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All About Buttermilk: The Agrarian Dream, and Recipes, Too

Wednesday, June 12, 2013
All cookbooks sell fantasy. Julia Child sold the fantasy that we could all become accomplished French cooks, but she grounded it in rigorous preparation and exacting instructions, which, if you followed them to the letter, gave you a very good chance of approximating the Sunday lunch of a provincial French lady. And because Julia Child was Julia Child, we were also treated to her merry personality and lack of pretension.

The 1980s Silver Palate Cookbook nourished our dreams of being well-traveled, urban sophisticates who knew what sun-dried tomatoes, Kalamata olives and capers were, had them in our pantry, and had no trouble turning them into a last-minute Italian meal when friends dropped by our SoHo loft on the spur of the moment with a bottle of a California Cabernet Sauvignon.

One of today’s prevailing food fantasies is the urban romance with agrarian life, which The Animal Farm Buttermilk Cookbook by Diane St. Clair is selling in abundance.

It’s an appealing cookbook with appealing recipes, but when the book’s lower case subtitle is “recipes and reflections from a small vermont dairy,” you know what’s coming. Beautiful photographs of the idyllic landscape under a wintery sky, the author affectionately patting her cows while bathed in a celestial light and the Green Mountains blazing under a summer sunset.

This isn’t entirely cornball. Many farms in both New Hampshire and Vermont are this pretty, the farmers take tremendous care of their livestock, and most of the people who go into farming are talented, productive and incredibly hard-working. They’re growing and raising foods and meats that are fresh and nutritious, while, in most cases, also promoting careful land use and conservation. This isn’t a panacea for all that ails agriculture or the food industry, but it’s a step, and a vital one.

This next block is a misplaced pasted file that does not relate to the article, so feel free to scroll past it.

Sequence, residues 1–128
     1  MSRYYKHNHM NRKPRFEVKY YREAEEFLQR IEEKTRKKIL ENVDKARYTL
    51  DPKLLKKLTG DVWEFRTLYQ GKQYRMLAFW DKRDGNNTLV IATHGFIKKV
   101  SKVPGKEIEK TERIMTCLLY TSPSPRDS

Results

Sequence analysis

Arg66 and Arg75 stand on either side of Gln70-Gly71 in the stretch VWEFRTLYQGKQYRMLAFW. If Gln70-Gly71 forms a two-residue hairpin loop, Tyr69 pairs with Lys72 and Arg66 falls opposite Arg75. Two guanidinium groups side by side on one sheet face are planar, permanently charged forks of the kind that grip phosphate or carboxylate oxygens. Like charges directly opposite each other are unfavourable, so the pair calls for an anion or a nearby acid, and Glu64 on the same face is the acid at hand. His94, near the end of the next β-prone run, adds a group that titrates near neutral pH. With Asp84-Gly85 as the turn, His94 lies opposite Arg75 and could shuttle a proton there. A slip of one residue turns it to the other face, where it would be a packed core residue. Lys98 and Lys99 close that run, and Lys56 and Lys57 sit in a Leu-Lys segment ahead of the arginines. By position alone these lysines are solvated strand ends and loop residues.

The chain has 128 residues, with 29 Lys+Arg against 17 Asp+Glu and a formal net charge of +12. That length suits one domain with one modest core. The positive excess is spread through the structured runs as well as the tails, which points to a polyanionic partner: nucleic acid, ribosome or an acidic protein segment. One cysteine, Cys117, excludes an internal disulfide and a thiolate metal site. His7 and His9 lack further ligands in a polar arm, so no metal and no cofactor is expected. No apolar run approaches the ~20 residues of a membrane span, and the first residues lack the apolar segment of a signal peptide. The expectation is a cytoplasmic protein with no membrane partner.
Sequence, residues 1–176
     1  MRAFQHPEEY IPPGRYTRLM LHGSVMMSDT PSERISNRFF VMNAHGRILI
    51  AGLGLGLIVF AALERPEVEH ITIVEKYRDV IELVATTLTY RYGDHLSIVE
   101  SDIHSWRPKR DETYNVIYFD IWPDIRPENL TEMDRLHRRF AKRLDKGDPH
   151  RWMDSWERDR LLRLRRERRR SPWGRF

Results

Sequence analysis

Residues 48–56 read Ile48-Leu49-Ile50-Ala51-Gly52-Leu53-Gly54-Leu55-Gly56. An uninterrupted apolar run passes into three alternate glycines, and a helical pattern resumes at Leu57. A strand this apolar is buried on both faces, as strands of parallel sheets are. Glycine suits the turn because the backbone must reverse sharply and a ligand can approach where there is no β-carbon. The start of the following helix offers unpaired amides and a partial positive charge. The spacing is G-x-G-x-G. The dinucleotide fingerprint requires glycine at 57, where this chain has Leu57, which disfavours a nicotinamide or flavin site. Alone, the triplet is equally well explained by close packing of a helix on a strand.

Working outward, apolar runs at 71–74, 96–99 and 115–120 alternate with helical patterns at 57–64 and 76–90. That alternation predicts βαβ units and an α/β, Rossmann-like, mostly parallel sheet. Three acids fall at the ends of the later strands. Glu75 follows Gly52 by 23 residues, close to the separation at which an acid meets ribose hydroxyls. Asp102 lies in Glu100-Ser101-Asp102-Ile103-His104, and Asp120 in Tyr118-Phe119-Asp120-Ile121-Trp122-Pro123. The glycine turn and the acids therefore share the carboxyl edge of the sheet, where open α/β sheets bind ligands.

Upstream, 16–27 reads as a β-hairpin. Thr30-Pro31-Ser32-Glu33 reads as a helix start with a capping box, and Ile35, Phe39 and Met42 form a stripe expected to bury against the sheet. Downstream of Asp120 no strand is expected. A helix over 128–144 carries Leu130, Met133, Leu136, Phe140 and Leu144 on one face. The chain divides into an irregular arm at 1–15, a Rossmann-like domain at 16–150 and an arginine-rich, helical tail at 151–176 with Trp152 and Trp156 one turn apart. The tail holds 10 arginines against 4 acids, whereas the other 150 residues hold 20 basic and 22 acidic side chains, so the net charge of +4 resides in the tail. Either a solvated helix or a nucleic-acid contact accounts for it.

As it happens, St. Clair is a purveyor of butter and buttermilk to the famous American chef Thomas Keller, whose restaurants French Laundry, in California, and Per Se, in Manhattan, repeatedly earn him ecstatic praise. Keller is known, among other things, for the meticulousness with which he sources his ingredients. Like other top drawer chefs, he’s formed relationships with the farms that supply his restaurant with produce and meat, which is both a good quality check and a spur to niche farmers to persevere. But it’s one of the ironies of the renaissance of so-called “artisanal” food grown on smaller farms that, often, to eat in restaurants that advertise as having harvested the bountiful goodness of the farm, the bill will come close to costing you the farm.

Because the average price per person at French Laundry is between $270 and $350, you have to be affluent, or have saved up for the occasion. It’s grand theater of a kind so you could justify it, just as you’d spring the same amount of money to sit in the orchestra at the Metropolitan Opera, because you are there for spectacle, aesthetics and artistry.

I just wish that such restaurants and cookbooks didn’t peddle their own special brand of misty-eyed, yeoman farmer hyperbole, although St. Clair is careful to point out that farming takes commitment and hard work. But Keller, who has supplied one of the blurbs for the cookbook, describes it as one in which the reader is drawn into the rhythms of farm life. The only way to truly be drawn into the rhythms of farm life is to work on a farm, and not many are signing up for that dawn-till-dusk privilege.

So St. Clair should be applauded for the work she’s doing, although her assertion that buttermilk is the “elixir of the human race” seems a stretch. But she has certainly devised a variety of uses for it, which include soups, sorbets, baked goods, main and side dishes and salads. If you like buttermilk, which is the liquid released by churning butter, or want to find recipes for it beyond the usual assortment of suspects (scones, salad dressing), this cookbook will come in handy.

One of the book’s pleasant surprises is that buttermilk can substitute for yogurt, cream or regular milk in a number of dishes, and that it can be adapted for more recipes than you might imagine. A bechamel sauce, a staple of the kitchen, can be made with buttermilk, as can breakfast standards like waffles, muffins, corn bread and pancakes. Even meatloaf and tempura gets the buttermilk treatment. St. Clair also outlines how to make your own butter and buttermilk, should you want to go that route. She describes other ways that buttermilk has been used, in skincare, or in simple home remedies for canker sores or colitis, although she takes care not to recommend them outright as cures.

I like to cook with buttermilk in the summer, when it is hot and a cold soup or salad is easier to prepare. Beyond that, I don’t give much thought to buttermilk. You can see why buttermilk isn’t the staple it once was: it’s a by-product of farm life, but because so few of us farm, there doesn’t seem to be a pressing need for it in our lives. So I don’t know whether a cookbook devoted to recipes for buttermilk can find a broad audience, even if it is endorsed by Thomas Keller.